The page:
Prerequisite courses: Programming in Java, Operating Systems I
This course is a prerequisite for Operating Systems II (given concurrently), Distributed Systems (Part II), Advanced Systems Topics (Part II).
The aims of this course are (a) to introduce the modular design
of application software, using the facilities of the Java programming
language as running examples, (b) to explore the need for and
implementation of concurrency control and communication in
inter-process and intra-process contexts and (c) to introduce
the concept of transactions and their implementation and uses.
Programming with objects.
Revision overview of the Java programming language. Structuring
programs using encapsulation and inheritance. Design
patterns. [4 lectures]
Further Java topics.
Graphical user interfaces. Reflection and serialization.
Finalizers. Class loaders. Software Testing. [8 lectures]
Reasons for multi-threaded programming. Correctness criteria. Mutual
exclusion locks and condition variables. Alternative
concurrency-control primitives. [5 lectures]
Distributed systems & transactions.
General problems in distributed systems. Naming. Access control.
IDLs. Message passing and the use of sockets in Java. Remote method
invocation. Compound operations & correctness criteria. Crash
recovery. Isolation. [5 lectures]
Generics in Java.
Single-compilation templated classes. Type specialisation and typing
constraints. Interactions with reflection, serialisation, and the class
loader. Advanced implementation techniques using Generics. [2 lectures]
At the end of the course students should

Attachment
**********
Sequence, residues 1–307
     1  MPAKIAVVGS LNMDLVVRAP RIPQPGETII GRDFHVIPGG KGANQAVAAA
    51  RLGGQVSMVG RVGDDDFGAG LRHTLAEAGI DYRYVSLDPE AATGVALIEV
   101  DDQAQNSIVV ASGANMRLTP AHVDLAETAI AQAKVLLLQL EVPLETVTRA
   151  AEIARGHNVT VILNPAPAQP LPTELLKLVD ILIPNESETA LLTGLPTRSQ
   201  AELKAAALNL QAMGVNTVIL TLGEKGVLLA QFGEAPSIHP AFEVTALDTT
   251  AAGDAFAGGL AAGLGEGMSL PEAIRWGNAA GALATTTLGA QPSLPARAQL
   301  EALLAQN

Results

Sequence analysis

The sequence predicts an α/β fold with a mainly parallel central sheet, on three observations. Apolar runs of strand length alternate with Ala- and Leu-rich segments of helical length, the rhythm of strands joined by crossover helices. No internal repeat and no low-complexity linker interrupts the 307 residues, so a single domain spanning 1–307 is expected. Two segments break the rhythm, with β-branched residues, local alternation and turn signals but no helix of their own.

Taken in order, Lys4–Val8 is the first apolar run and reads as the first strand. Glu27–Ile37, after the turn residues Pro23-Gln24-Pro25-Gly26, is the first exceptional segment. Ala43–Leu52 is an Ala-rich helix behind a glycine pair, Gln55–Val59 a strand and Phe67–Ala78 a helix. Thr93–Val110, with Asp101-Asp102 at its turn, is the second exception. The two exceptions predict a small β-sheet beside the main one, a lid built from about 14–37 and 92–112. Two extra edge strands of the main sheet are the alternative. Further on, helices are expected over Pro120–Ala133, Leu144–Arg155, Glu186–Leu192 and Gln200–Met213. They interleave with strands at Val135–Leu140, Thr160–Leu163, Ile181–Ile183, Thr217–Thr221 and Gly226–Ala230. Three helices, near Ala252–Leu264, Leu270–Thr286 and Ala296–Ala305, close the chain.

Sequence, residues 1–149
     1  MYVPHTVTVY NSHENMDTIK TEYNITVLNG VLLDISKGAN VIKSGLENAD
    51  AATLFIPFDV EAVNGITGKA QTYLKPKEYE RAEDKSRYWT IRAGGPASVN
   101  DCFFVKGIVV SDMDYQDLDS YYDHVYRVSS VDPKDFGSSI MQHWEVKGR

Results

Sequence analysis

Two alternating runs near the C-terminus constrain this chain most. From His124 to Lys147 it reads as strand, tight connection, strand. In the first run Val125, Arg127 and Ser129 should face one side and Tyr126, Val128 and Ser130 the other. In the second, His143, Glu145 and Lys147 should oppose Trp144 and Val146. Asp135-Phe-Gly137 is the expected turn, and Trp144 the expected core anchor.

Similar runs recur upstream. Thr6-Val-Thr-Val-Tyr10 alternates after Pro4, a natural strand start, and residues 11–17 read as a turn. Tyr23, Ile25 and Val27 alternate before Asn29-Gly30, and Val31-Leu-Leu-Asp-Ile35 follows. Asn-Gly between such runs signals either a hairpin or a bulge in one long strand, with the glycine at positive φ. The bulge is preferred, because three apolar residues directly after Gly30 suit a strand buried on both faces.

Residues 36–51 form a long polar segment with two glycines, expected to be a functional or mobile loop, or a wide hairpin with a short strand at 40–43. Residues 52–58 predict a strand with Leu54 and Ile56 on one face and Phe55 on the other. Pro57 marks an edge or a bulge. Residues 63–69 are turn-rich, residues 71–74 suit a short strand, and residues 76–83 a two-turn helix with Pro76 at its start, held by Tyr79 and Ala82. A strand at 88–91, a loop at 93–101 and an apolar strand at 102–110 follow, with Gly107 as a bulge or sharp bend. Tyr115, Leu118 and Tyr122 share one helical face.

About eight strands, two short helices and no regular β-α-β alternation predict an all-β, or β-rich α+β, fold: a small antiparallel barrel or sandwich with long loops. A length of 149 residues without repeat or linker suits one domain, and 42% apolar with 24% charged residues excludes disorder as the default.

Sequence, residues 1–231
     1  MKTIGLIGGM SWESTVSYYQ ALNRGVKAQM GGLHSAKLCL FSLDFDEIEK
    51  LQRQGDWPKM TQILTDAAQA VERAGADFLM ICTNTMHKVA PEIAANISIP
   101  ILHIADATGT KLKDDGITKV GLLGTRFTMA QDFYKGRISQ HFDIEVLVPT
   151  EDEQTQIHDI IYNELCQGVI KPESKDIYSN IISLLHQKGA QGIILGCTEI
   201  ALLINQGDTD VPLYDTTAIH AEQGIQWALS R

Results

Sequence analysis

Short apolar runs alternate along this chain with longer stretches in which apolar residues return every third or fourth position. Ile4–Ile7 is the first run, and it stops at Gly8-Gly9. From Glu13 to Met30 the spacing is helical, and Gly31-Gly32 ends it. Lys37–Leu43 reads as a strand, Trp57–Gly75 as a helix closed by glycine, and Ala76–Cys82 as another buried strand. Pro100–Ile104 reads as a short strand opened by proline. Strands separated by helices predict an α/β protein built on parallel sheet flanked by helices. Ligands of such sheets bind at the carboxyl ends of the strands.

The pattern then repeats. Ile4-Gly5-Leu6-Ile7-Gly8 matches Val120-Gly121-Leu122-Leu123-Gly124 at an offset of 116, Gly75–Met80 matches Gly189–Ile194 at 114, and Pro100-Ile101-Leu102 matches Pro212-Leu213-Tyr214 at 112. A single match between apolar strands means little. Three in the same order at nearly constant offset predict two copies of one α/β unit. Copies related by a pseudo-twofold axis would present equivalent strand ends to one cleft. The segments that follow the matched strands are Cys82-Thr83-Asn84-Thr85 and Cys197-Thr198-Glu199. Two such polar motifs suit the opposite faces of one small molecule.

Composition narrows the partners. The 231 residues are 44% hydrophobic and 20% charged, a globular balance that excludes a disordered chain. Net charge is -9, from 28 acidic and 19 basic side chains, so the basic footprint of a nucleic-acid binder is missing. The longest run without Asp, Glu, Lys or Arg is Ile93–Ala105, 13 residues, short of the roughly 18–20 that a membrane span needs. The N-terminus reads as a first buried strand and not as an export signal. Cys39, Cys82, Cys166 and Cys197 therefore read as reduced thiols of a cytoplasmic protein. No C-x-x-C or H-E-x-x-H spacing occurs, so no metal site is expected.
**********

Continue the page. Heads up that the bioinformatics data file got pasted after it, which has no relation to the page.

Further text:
understand the terminology of object oriented programming and be
able to use it with precision
be able to illustrate the use of object oriented techniques
through examples of the kind seen in the Java standard libraries
understand the need for and implementation of concurrency
understand different mechanisms for communication within or
between applications and evaluate their trade-offs in different
understand the concept of transactions and their application in
a range of systems
understand why software testing is not always easy and
the techniques used to achieve thorough testing
* Bacon, J. & Harris, T. (2003). Operating systems or Bacon, J. (1997) Concurrent systems (2nd ed.). Addison-Wesley.
Myers, G.J. (2004). The art of software testing. Wiley (2nd ed.).
Lea, D. (1999). Concurrent programming in Java. Addison-Wesley (2nd ed.).
Bracha, G., Gosling, J., Joy, B. & Steele, G. (2000). The Java language specification. Addison-Wesley (2nd ed.). http://java.sun.com/docs/books/jls/
Gamma, E., Helm, R., Johnson, R. & Vlissides, J. (1994). Design patterns. Addison-Wesley.